Matt Duchene has been commonly brought up as the sexy option for the Jets to pursue, but Kevin Hayes is a better fit based on skill set and presumed acquisition cost. He's a big body (listed at 6-foot-5, 216 pounds) that doesn't sacrifice any foot speed, which is the hallmark of a Winnipeg Jet. But most importantly, he's a prolific passer who seems to shoot only when absolutely necessary, which is what you want next to a shoot-first scorer like Laine. Similar to what Stastny did last season, Hayes should do wonders for Laine by serving the puck up for him on a silver platter in his personal sweet spots.
If I'm the Rangers or any team negotiating with the Jets leading up to the deadline, I'm trying to pry Sami Niku from their clutches as the centerpiece of any potential trade. The problem is that it doesn't make much sense for Winnipeg to part with him unless they're left with no other choice. With Tyler Myers' impending free agency, Byfuglien's advancing age, and Niku's dynamic playmaking ability from the back end, he could become an important player for them as soon as next season. He'll be especially valuable for them as a cheap cost-controlled asset, considering the financial crunch they're headed for once they pay all of their other young stars. Niku won't hit restricted free agency until after the 2019-20 season.
Instead, a first-round pick, even one in the 20s, and a calculated flier on Petan -- a 23-year old who's put up big offensive numbers at every stage leading up to this level -- are a decent consolation prize for a team that's just accumulating assets anywhere they can get them.
Sharks' third-round pick 2019
Staying true to their mascot's form, the Sharks have been an absolute terror on the attacking end this season. They're third in both 5-on-5 scoring, behind just Tampa Bay and Toronto, and in overall scoring, trailing only the Lightning and Flames. They're almost impossible to defend because they always seem to have possession of the puck in prime scoring regions. Their 55.9 percent shot share is league best, and their 55.4 percent of high-danger chances is the league's fourth best.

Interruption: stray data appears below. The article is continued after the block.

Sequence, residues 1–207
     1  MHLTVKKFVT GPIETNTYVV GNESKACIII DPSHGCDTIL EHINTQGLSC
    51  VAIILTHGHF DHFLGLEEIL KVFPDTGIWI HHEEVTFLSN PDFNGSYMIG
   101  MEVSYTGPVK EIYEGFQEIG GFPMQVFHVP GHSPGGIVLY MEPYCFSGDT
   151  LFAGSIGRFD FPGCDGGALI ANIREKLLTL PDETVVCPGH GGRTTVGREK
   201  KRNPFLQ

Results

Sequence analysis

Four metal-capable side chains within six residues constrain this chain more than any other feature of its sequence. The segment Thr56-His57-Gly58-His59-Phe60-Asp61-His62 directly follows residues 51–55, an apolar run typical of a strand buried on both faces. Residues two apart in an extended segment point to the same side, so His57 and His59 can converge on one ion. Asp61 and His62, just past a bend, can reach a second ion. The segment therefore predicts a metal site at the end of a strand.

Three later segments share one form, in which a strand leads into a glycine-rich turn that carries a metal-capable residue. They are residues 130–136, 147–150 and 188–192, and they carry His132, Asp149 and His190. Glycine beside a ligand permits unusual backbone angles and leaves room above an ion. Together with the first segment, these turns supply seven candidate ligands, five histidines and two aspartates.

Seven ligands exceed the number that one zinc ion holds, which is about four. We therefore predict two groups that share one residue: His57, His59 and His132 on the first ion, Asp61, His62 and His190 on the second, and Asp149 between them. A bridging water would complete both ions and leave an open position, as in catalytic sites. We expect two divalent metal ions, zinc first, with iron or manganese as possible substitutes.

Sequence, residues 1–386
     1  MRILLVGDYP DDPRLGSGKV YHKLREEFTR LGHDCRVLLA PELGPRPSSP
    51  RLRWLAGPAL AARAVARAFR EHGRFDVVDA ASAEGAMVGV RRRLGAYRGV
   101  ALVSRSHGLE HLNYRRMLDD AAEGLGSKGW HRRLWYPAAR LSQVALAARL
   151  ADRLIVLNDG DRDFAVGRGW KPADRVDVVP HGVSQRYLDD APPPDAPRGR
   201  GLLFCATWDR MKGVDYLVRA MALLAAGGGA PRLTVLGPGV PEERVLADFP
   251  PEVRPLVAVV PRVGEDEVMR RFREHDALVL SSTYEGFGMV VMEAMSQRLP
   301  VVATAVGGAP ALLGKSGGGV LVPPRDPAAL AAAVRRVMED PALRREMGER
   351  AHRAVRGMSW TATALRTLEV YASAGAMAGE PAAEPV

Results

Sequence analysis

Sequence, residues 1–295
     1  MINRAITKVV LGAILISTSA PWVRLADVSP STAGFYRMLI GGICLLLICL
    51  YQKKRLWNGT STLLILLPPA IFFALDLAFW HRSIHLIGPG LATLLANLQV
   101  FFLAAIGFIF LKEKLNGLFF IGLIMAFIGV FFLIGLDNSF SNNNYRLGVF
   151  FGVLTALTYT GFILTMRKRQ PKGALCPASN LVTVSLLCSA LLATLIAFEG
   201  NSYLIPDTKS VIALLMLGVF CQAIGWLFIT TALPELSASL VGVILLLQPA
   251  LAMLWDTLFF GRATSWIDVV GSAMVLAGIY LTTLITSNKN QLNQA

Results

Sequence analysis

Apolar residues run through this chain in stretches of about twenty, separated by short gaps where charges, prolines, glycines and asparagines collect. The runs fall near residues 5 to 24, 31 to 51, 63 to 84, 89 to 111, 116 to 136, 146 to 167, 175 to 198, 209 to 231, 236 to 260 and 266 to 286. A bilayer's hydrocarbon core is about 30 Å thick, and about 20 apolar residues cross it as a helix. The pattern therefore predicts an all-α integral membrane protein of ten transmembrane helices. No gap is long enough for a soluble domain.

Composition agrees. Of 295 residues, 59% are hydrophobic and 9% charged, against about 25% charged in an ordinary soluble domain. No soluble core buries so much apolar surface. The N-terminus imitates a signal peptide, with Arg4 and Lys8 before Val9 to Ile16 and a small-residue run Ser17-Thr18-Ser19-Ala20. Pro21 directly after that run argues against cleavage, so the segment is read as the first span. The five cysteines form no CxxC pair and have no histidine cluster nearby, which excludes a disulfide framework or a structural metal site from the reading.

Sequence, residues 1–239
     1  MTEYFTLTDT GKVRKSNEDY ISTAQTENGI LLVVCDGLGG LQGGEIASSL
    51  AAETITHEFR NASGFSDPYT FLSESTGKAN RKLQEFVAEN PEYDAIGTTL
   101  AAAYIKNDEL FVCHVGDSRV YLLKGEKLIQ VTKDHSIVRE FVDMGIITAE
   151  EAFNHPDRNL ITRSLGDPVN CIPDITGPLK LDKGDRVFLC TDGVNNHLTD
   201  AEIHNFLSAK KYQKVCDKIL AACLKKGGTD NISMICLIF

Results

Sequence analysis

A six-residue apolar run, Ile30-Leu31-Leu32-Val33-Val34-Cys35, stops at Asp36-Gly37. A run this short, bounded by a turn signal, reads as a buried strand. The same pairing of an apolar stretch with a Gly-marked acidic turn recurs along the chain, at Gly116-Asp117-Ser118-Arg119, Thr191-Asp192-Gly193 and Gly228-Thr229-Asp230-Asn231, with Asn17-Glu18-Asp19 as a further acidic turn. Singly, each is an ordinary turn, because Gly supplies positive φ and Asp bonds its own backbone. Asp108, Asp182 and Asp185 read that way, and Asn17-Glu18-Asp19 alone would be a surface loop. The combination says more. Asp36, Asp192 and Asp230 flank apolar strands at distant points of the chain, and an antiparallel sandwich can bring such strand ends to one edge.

Their skater group from top to bottom is as good as it gets out West. In the stretches where they put it all together and get rolling, there's no one in the conference that can consistently match their highest gear. Assuming they're able to capture it in a bottle for an extended period of time, they might be the only group that can hang with Tampa Bay's relentless onslaught of firepower.
If they have one flaw, it shows itself in those moments when they don't have the puck. While their preferred loose style of play doesn't help, their goaltending has been a significant issue, especially for a team with realistic championship aspirations. The duo of Martin Jones and Aaron Dell have combined for 31st in 5-on-5 save percentage, and 30th in all-situations save percentage, ahead of only the Panthers' goalies.
Considering how committed they are to Jones -- he's still owed $28.75 million over the next five seasons after this one -- it doesn't make much sense for them to pursue a different long-term option right now, nor does it seem wise to invest large draft capital in a big name like Sergei Bobrovsky.
The perfect fit seems like Ryan Miller, who can seamlessly slide into the 1A/1B role he's best suited for at this point of his career, while staying in California. Toning down the workload has done wonders for the 38-year-old during his time in Anaheim, where he's turned back the clock for a .928 save percentage in 40 appearances during the past two seasons. In San Jose, he can go for the Stanley Cup ring that's eluded him, before returning to the Ducks if he so chooses in the summer as a free agent.